The IRS suggested that the Court should impute to LLC the development activity which was performed by the parties related to LLC on the other property contiguous to the Property. The IRS did not provide the Court with any legal authority or evidence in support of this position. But, the Court continued, even if one assumed that LLC engaged in substantial development activity on, or in active and continuous sales from, these parcels (by imputation or otherwise), nevertheless – in the absence of a connection between those other parcels and the parcels sold in 2012 – the Court was not persuaded that the bulk sale of the parcels to Developer would have been in the ordinary course of LLC’s alleged development business, considering that all development activity had been halted on these parcels at least three years before the sales at issue and that these parcels were never developed into a subdivision by LLC.
The Court noted, “if a taxpayer who engaged in a high volume subdivision business sold one clearly segregated tract in bulk, he might well prevail in his claim to capital gain treatment on the segregated tract.” That is precisely what happened here, the Court stated; the parcels sold were clearly segregated from the other parcels and were sold in bulk to a single buyer.
Still the IRS argued that the sale generated ordinary income because: the parcels were covered by the development agreement with the City; Developer agreed to develop the parcels; and LLC was to receive certain post-sale payments from Developer whenever certain conditions were met.
The Court found that these facts were either irrelevant or were consistent with investment intent. For example, there would have been no reason for LLC to undo or modify the development agreement with City after deciding not to develop the parcels. There seemed to be little doubt that the highest and best use of the Property was for development into residential and commercial lots. Any buyer would likely have been a developer of some kind. Therefore, the Court continued, maintenance of the development agreement was consistent with both development intent and investment intent.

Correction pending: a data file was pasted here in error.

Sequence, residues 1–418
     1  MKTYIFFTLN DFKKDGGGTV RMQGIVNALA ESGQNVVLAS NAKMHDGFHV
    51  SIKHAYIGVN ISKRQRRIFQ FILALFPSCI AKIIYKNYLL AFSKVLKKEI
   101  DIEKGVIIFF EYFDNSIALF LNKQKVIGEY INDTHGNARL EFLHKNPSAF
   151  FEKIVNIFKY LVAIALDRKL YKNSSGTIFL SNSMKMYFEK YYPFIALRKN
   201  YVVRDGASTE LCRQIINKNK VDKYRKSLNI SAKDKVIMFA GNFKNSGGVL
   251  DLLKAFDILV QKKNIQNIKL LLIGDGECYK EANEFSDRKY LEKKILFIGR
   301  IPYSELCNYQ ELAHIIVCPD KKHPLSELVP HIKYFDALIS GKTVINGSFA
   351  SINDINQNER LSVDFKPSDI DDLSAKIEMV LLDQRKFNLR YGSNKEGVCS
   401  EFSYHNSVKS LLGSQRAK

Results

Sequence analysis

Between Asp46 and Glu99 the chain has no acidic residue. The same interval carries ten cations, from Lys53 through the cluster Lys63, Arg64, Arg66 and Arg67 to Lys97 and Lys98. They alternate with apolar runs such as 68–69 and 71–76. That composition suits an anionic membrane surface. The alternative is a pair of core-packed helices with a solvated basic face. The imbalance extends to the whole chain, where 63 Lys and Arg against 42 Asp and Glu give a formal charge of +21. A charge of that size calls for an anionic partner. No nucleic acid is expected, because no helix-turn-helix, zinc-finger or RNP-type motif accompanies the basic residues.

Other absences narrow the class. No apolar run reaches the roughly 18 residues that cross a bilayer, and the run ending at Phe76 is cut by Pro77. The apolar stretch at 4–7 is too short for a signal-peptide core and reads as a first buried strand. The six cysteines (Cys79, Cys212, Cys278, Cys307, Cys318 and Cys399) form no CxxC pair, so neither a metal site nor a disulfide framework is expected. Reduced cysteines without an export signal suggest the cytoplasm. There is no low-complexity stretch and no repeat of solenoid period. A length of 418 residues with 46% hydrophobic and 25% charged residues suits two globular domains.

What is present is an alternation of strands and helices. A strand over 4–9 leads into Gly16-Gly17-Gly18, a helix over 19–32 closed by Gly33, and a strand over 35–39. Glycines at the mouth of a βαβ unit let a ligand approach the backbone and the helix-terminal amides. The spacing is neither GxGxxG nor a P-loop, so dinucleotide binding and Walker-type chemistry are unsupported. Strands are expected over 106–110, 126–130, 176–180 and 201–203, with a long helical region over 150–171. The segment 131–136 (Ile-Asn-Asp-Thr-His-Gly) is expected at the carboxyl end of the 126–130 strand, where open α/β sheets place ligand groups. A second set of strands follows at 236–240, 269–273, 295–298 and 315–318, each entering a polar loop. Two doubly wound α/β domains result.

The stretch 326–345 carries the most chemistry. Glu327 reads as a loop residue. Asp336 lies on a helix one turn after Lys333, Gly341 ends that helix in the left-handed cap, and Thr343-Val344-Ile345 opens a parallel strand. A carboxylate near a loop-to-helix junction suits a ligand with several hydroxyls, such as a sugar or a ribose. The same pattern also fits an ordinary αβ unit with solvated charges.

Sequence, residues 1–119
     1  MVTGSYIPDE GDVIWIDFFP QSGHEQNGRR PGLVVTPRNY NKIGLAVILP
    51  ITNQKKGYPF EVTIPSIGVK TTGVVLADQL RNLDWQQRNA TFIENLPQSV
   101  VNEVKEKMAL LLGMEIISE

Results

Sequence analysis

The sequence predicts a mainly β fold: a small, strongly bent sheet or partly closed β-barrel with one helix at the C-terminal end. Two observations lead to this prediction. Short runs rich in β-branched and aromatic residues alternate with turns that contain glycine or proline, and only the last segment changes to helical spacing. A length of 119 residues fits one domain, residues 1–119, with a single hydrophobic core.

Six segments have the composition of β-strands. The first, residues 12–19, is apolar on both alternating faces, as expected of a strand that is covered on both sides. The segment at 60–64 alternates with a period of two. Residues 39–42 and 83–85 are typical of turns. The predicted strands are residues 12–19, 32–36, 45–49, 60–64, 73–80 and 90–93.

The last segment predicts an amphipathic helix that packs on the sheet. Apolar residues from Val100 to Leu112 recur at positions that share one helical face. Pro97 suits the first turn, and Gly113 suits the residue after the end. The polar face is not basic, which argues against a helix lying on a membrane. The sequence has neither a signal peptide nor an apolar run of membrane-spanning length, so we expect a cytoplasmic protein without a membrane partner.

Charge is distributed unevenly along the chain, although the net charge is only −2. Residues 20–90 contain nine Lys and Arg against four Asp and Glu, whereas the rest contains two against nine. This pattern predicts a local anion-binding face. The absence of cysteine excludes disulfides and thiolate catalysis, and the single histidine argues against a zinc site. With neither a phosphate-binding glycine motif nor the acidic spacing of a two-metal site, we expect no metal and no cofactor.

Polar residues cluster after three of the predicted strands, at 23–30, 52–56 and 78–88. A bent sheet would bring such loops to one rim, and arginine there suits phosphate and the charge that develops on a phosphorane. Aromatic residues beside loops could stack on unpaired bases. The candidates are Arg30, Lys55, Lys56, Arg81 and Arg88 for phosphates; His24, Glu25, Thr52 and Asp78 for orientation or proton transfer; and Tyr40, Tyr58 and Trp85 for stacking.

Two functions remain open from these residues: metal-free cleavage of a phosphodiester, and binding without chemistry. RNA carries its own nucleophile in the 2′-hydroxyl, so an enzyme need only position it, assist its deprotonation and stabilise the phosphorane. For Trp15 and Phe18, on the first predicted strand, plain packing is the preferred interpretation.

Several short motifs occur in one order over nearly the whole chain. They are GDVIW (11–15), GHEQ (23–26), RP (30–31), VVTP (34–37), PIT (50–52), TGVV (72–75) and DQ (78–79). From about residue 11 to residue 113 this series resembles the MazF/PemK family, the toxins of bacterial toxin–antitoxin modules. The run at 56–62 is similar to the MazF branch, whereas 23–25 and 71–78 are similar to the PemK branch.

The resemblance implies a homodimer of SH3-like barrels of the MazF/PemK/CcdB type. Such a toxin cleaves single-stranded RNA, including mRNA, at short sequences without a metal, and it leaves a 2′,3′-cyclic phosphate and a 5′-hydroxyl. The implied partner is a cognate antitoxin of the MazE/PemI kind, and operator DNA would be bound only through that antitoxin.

Next, the IRS pointed out that, on its 2012 Form 1065, LLC listed its principal business activity as “Development” and its principal product or service as “Real Estate”. (Ugh!) Although this circumstance may count against taxpayers to some limited degree, the Court believed that these statements “are by no means conclusive of the issue.” Considering the record as a whole, the Court was inclined to believe that these “stock descriptions” were inadvertently carried over from earlier returns.
Finally, the IRS asserted a schedule of LLC’s capitalized expenses showed that LLC “continued to incur development expenses up until it sold” the land to Developer. But the Court accorded these little weight because the record as a whole clearly showed that the parcels were not developed between 2008 and the sale to Developer. Also, most of the post-2008 expenditures on the schedule of capitalized expenditures were consistent with investment intent.
Therefore, the Court concluded that LLC was not engaged in a development business after 2008 and that it held the two parcels as investments in 2012. Accordingly, LLC properly characterized the gains and losses from the sales of these properties as income from capital assets.
There is no doubt that, as in the case of LLC, a taxpayer’s purpose in holding certain property may change over time, thus affecting the nature of the gain recognized by the taxpayer on the sale of the property.
Of course, the taxpayer has the burden of establishing their purpose for holding the property at the time of the sale. A well-advised taxpayer will seek to substantiate such purpose well before the IRS challenges the taxpayer’s treatment of the gain recognized from the sale.
Indeed, if the taxpayer has, in fact, decided to change their relationship to the property, they should document such change contemporaneously with their decision – while the facts are still fresh and the decision-makers are still alive – including the reasoning behind it, whether as a result of a change in economic conditions, a change of business, or otherwise.
Moreover, they should reflect such change in their dealings with the property and throughout their subsequently filed tax returns. Why give the taxing authorities an easy opening on the basis of which to wrest an unnecessary concession?